- Said Nutt’s presentation was interesting, in terms of the evidence presented. Sokol said that decisions need to be made strictly on the available evidence and that something that is lacking. He pointed out that conversations with academics and researchers is extremely important to the Parliament.
- Sokol referenced the previous court ruling in Europe on snus. He said that often, the European courts rely on impact assessments made by the Commission, as the courts themselves are not equipped in these areas to decide by themselves.
- Sokol stressed the importance of harmonised rules across the EU and said evidence must be fed into the Commission.
- Sokol pointed out that people can often decide for themselves on healthy lifestyle choices, but they need to get the most information possible to do so, and said this is one area where the EU can play an important role.
- He said he hopes that BECA’s report that will be sent to the Commission will be ambitious and evidence based.
Beating cancer: Better protection of workers against cancer-causing chemicals
Europe’s Beating #Cancer Plan
Europe’s Beating Cancer Plan will form a core part of Health Commissioner Stella Kyriakiades’ term in office. A pan-European strategy to combat cancer is long overdue and we welcome Commissioner Kyriakiades’ initiative in tackling what is the second leading cause of death in Europe, write Dr Delon Human and Dr Anders Milton.
On 10 September, the Commission held a town hall on the Beating Cancer Plan. Unfortunately, this town hall did not fill us with hope - it seems that the Commission may be about to miss out on the chance of a lifetime and fail to sufficiently tackle preventable cancers in Europe.
Not only did the town hall fail to pay heed to the most obvious preventable cause of cancer in smoking, it seemed to disregard the opinion of EU citizens. Of the submissions to the Plan’s public consultation, nearly 20% supported the adoption of harm reduction plans for alcohol and tobacco. One in every six recommended policies which encourage the use of reduced risk nicotine products by smokers, such as e-cigarettes.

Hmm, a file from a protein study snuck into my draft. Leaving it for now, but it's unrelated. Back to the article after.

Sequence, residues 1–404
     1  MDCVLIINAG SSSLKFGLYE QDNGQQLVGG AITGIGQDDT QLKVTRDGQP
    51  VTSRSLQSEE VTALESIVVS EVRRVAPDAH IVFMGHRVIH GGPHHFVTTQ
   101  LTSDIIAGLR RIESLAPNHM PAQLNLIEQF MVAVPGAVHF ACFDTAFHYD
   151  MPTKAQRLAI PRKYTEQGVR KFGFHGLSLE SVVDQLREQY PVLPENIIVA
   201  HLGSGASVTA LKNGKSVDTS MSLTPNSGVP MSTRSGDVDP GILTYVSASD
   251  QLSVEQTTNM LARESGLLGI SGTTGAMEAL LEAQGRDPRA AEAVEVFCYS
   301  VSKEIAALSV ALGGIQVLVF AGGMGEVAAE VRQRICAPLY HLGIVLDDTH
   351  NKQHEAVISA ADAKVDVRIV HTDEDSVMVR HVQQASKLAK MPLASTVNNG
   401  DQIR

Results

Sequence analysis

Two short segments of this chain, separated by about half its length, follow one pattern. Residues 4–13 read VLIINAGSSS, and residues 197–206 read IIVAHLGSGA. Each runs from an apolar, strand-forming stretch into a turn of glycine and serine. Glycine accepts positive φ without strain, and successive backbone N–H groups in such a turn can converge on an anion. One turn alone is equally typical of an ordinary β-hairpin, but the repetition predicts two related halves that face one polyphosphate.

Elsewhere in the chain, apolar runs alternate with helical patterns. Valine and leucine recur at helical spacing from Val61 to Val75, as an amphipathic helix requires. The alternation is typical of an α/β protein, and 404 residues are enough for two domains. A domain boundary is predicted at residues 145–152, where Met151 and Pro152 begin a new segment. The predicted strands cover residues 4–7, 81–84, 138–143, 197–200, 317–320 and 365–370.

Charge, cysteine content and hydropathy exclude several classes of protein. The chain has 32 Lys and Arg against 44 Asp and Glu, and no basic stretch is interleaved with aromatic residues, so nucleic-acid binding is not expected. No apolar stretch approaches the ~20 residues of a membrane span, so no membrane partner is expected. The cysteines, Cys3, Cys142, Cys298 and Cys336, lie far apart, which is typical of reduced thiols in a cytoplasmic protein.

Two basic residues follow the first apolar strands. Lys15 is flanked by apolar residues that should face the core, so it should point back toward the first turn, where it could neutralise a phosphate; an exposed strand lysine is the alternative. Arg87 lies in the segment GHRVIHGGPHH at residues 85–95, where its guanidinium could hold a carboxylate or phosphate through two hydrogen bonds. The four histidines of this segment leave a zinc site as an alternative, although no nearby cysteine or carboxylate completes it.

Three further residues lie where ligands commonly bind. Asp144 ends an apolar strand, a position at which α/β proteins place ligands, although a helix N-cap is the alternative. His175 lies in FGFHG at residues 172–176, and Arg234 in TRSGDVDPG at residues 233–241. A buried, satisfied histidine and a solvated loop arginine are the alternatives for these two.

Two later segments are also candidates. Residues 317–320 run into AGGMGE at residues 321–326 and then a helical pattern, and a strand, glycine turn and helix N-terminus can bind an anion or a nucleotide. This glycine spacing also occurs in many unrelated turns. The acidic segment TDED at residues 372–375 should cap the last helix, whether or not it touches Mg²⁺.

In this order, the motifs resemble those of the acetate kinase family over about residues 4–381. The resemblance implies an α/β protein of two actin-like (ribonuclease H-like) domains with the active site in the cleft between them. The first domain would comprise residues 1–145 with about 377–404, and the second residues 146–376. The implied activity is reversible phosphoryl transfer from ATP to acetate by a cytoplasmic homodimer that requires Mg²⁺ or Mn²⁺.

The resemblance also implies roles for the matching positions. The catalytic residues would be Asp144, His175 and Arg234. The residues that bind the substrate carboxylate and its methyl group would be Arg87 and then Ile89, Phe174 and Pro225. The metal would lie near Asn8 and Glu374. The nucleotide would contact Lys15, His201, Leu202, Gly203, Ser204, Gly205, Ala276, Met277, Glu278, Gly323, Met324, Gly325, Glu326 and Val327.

As stated at the launch of the consultation by the Commission, 3.5 million people in the EU are diagnosed with cancer annually, and 1.3 million die from it, yet over 40% of cancer cases are preventable.
The WHO estimates that one in every two smokers will develop a tobacco-related disease with 700,000 Europeans dying from smoking every year. 90% of lung cancers alone can be prevented by eliminating tobacco use in Europe.
What is often forgotten, however, is that smokers consume cigarettes for nicotine but get cancer from the tobacco, tar and thousands of other additives in cigarettes. Nicotine itself is not a carcinogen. This raises the question; what if there was a way to offer smokers the nicotine they desire while removing carcinogens?
Tobacco harm reduction presents the clear and obvious answer to this question. The use of alternative, potentially reduced risk products, like e-cigarettes, could eliminate smoking induced cancer in Europe within a generation.
A study of the results of the 2014 Eurobarometer survey by several European academics emphasised this point. The study found that the vast majority of EU citizens consuming e-cigarettes on a regular basis were former smokers or smokers attempting to quit.
Countries like Sweden have shown a way forward for Europe to reduce tobacco-induced cancers through the adoption of science-based approaches to reduce smoking prevalence and smoking-related deaths. Sweden offers tobacco alternatives like snus and this has helped them to achieve the lowest tobacco-related mortality rate of all EU countries relative to its population size.
In an attempt to mitigate the devastating effects of the pandemic, which has so far taken the lives of almost 200,000 Europeans, EU institutions and member state governments immediately turned to science and evidence to inform policy. Lockdowns, social distancing and working from home have all become normalised as part of the effort to overcome COVID-19.
This sense of pragmatism and efficiency must be mirrored by the Commission’s Beating Cancer Plan.
Harm reduction policy, particularly tobacco harm reduction, has extraordinary potential to reduce avoidable smoking induced cancers. It can save the lives of countless Europeans. We are calling on the Commission to recognize this potential, to hear the voices of European citizens, and leave no stone unturned in the fight to beat cancer.